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Tillabooks: Will's Book Blog

Tuesday, August 01, 2006

And They All Sang by Studs Terkel

And They All Sang: Adventures of an Eclectic Disc Jockey by Studs Terkel. New York: The New Press, 2005. ISBN: 1-59558-003-4

So what's this book about? Studs Terkel can tell us in his own words, better than I could hope to:

Nineteen forty-five, early autumn. A month before, World War II had ended with a flash and a bang. Four Sundays later, I began as host of a one-hour weekly radio program of recorded music called The Wax Museum. The phrase “disc jockey” had not yet entered our working vocabulary. In effect, though, that is what I was.

The program was eclectic in nature. A Caruso aria . . . might have been followed by Louis Armstrong . . . In turn, there came forth a Woody Guthrie Dust Bowl ballad. Whatever piece of music caught my fancy, I offered it to the listener, no matter the genre.

Later, on WFMT, a Chicago classical music FM station, Terkel had an hour program in which he could do anything he wanted. He read short stories. He interviewed guests. Again in Terkel's words

Nevertheless, during my forty-five years on WFMT, although there was considerable conversation, a piece of music was invariably included, if merely to italicize what the guests had to say. It could be a pop trifle, a show tune, a folk song, or any art song. It could be a passage from a symphony or concerto. It wasn't as though i was seeking music in the words of my visitors; it was simply my talisman—a fetish, some would say.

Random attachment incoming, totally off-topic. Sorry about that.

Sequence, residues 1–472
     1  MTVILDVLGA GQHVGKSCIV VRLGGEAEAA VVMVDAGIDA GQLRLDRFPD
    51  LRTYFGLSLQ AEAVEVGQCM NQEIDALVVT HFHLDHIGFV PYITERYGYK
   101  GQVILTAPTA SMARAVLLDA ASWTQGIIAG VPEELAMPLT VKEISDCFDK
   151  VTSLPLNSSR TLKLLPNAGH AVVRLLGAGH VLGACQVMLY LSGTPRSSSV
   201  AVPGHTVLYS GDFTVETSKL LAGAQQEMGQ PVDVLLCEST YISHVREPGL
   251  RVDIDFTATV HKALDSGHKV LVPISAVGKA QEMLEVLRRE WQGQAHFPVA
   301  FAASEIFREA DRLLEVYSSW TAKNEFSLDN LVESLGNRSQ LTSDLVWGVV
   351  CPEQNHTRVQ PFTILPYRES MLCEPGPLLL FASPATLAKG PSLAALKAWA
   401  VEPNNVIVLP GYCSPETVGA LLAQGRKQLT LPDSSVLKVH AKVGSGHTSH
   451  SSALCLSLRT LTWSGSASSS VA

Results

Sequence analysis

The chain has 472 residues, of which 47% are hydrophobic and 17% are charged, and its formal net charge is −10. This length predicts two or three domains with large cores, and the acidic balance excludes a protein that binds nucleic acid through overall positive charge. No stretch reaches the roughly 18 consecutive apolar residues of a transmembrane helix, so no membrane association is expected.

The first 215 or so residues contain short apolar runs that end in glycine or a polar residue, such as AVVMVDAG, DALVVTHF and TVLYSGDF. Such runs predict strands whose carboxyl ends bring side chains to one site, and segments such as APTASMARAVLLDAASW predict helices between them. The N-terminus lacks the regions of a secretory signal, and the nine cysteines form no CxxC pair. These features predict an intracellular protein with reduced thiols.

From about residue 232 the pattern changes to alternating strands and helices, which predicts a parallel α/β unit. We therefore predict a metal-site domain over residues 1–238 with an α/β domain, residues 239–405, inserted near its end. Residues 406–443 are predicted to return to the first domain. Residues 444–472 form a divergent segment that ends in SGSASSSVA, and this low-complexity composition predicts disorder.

Out of those conversations with musical guests came this book, consisting of many of those interviews, transcribed and printed here. Mostly the guests speak for themselves, interrupted only briefly by Terkel's pithy comments or questions. And wow! What an assemblage he gathers! There's something for all musical tastes. He begins with John Jacob Niles, “An American Original,” indeed, the collector and inventor of America's folk tradition.

We get a large section devoted to classical music, with singers such as Birgit Nilsson, Elisabeth Schwarzkopf, Marian Anderson, Jon Vickers, and many more. We get conductors and composers: Joseph Krips, Leonard Bernstein, Virgil Thomson, Aaron Copland. We get performers: Andrés Segovia, Ravi Shankar, Alfred Brendel.

Then comes jazz: Louis Armstrong and his wife, Lil Armstrong; Earl Hines, Dizzy Gillespie, Keith Jarrett and more. John Hammond, the “Impresario.” A chapter titled “Spirituals, Blues, Folk, Rock” gives us the words of Mahalia Jackson, Bob Dylan, Woody Guthrie, Pete Seegar and Janis Joplin. What a treasure trove of words—words about music and words about life! Studs gives us two fitting epigraphs for the book, both worthy of repeating:

Many say that life entered the human body by the help of music but the truth is that life itself is music. —Hafiz, Fourteenth-century Persian poet.

In the olden days, everybody sang. You were expected to sing as well as talk. It was the mark of a cultured man to sing, to know music. —Leonard Bernstein.

For anyone who loves music and enjoys hearing the voices of those who have touched our lives with their music making, this book is an essential read. Highly recommended.


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